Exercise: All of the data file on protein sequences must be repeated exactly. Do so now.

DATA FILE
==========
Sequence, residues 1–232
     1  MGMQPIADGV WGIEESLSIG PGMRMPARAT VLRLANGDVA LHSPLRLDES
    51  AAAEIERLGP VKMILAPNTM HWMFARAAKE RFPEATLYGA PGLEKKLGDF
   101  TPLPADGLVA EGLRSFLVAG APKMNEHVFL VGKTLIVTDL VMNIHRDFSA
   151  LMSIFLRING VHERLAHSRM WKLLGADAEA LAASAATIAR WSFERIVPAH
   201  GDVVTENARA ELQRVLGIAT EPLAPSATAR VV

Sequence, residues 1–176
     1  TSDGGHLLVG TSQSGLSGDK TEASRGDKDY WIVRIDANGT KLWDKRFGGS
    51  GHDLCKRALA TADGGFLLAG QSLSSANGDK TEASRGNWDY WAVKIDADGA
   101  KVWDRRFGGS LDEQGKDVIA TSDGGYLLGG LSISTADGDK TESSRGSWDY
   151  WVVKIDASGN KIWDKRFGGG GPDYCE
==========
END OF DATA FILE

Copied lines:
Sequence, residues 1–232
     1  MGMQPIADGV WGIEESLSIG PGMRMPARAT VLRLANGDVA LHSPLRLDES
    51  AAAEIERLGP VKMILAPNTM HWMFARAAKE RFPEATLYGA PGLEKKLGDF
   101  TPLPADGLVA EGLRSFLVAG APKMNEHVFL VGKTLIVTDL VMNIHRDFSA
   151  LMSIFLRING VHERLAHSRM WKLLGADAEA LAASAATIAR WSFERIVPAH
   201  GDVVTENARA ELQRVLGIAT EPLAPSATAR VV

Sequence, residues 1–176
     1  TSDGGHLLVG TSQSGLSGDK TEASRGDKDY WIVRIDANGT KLWDKRFGGS
    51  GHDLCKRALA TADGGFLLAG QSLSSANGDK TEASRGNWDY WAVKIDADGA
   101  KVWDRRFGGS LDEQGKDVIA TSDGGYLLGG LSISTADGDK TESSRGSWDY
   151  WVVKIDASGN KIWDKRFGGG GPDYCE